London hunts for ways to stop deadly youth stabbings
London, UK - Nearly one young person a week has been stabbed to death in London so far this year, leaving British authorities hunting for ways to stop the increasing violence.
Twenty-seven people under the age of 25 have been stabbed to death in London since the start of 2017, according to figures from city hall.
The alarming figure is but ‘the tip of the iceberg’, according to Patrick Green from the Ben Kinsella Trust, an educational organisation set up in memory of a teenage stabbing victim.
Police registered more than 12,100 knife attacks which left 4,400 people injured between April last year and March, the highest figure in five years.
“Many of the victims of stabbing are left with permanent disabilities, permanent scars, and the most awful disability which isn’t reported is the mental trauma,” Green told AFP.
“The fact that you recover doesn’t mean that you return to your normal life,” he added.
In contrast to widely held perceptions, the majority of attacks are unrelated to organised crime. Three out of four cases involve individuals who carry a knife because they believe it will make them feel safer.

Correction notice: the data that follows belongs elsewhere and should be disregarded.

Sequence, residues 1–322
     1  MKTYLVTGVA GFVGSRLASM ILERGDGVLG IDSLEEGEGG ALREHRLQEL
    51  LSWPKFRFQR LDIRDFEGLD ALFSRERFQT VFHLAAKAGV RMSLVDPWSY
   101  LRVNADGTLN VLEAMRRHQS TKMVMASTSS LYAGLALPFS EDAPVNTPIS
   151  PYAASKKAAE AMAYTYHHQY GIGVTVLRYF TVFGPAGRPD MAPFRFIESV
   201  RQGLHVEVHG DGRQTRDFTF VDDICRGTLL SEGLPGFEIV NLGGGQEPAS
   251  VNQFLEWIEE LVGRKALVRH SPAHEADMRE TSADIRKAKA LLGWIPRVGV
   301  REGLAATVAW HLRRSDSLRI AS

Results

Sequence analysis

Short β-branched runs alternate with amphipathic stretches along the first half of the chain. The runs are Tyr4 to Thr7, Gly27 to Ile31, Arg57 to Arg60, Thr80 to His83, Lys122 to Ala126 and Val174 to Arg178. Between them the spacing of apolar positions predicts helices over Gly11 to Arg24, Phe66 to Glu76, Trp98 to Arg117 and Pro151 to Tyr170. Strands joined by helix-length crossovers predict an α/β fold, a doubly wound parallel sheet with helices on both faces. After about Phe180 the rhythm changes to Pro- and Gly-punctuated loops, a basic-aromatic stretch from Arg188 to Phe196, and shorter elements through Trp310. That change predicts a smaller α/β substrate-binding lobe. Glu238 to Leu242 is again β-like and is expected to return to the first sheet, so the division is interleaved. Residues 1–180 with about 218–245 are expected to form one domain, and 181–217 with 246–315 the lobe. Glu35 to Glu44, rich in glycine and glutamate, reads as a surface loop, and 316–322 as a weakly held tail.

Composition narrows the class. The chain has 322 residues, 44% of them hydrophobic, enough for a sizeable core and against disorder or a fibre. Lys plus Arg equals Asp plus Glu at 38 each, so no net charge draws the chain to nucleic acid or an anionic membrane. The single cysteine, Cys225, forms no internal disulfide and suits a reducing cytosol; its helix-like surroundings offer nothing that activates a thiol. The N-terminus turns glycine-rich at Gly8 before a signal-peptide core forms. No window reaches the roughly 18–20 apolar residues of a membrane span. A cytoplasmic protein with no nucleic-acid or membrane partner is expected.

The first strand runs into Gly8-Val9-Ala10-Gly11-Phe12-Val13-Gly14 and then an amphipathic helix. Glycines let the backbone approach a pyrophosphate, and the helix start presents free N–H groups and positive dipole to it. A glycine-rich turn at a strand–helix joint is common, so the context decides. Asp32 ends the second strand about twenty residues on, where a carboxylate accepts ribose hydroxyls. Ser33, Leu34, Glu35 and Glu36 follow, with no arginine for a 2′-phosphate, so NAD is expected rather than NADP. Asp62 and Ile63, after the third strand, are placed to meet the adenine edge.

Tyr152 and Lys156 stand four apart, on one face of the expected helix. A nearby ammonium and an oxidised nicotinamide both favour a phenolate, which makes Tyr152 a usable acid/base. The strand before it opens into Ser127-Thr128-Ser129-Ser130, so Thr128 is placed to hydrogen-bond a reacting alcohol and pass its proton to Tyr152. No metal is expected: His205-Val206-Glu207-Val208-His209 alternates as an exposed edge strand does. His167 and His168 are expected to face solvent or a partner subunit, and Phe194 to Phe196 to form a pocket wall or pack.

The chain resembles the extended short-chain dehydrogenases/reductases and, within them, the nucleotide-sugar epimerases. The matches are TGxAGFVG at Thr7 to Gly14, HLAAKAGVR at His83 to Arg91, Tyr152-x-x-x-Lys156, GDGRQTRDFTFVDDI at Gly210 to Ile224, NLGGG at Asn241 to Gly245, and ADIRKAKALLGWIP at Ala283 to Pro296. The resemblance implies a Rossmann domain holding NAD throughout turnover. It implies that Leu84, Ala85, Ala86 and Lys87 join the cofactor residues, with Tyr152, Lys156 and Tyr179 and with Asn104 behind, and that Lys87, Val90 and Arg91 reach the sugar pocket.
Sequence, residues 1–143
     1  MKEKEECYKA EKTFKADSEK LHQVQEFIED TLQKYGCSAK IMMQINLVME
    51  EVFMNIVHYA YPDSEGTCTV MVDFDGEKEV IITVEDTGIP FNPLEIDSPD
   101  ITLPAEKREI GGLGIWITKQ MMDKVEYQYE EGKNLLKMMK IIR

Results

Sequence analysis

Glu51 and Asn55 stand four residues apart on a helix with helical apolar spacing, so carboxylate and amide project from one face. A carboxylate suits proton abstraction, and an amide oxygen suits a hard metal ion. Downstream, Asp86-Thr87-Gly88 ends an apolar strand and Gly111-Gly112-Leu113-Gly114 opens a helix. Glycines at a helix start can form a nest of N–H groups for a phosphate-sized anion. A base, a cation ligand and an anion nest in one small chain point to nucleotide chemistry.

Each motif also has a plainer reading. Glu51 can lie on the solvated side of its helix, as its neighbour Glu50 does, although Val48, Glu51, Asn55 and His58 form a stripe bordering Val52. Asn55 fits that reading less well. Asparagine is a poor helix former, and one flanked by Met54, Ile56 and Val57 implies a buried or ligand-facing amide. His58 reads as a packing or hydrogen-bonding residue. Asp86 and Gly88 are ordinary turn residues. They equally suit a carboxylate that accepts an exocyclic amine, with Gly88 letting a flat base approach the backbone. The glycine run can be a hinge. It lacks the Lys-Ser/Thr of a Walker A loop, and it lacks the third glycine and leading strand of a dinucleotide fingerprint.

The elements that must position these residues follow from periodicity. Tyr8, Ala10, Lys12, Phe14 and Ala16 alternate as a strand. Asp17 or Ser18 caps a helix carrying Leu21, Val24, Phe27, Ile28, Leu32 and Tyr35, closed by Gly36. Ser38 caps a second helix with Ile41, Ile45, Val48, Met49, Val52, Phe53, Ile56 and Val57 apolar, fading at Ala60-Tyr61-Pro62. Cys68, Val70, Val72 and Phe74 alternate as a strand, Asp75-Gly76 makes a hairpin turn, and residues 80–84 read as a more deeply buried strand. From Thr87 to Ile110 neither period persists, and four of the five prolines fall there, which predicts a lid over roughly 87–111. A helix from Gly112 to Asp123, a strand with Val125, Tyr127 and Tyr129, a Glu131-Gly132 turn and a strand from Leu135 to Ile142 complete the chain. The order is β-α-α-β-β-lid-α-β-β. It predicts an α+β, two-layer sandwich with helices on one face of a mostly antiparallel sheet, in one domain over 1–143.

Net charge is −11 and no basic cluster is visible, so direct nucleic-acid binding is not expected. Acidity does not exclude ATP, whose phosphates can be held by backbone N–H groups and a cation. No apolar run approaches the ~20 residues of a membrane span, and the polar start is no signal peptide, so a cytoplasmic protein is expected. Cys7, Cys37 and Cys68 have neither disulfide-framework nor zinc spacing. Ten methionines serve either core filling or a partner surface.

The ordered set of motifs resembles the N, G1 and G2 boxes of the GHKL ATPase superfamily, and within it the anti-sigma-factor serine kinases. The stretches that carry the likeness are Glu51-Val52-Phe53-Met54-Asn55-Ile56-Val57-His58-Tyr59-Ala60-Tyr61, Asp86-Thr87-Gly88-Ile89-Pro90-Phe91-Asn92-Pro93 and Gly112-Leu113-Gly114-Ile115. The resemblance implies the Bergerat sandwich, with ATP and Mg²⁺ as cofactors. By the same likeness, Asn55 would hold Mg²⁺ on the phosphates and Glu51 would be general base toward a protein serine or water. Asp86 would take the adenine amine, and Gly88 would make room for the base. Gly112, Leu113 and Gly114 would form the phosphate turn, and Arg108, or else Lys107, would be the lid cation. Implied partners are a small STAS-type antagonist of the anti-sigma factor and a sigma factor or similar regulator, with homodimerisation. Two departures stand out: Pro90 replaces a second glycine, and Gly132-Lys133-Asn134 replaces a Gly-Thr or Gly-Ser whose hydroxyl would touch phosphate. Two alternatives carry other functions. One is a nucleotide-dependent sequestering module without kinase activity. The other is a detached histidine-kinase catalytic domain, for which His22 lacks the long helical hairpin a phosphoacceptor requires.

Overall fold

“This can be a self-fulfilling prophecy, where young people equip themselves with a knife and in doing so significantly up the ante of their chances of becoming a knife victim,” said Bernard Hogan Howe, the former head of London’s Metropolitan Police who retired last year.
One proposal to cut knife crime was announced on Tuesday by Interior Minister Amber Rudd, who wants to ban the possession of weapons such as zombie knives and knuckledusters on private properties.
As part of a planned consultation on knife crime, the government will also examine whether to extend a ban on possessing a knife in public places and schools to include universities.
London Mayor Sadiq Khan has spearheaded a £7mn programme, which includes schools where knife crime is prevalent being given metal detectors.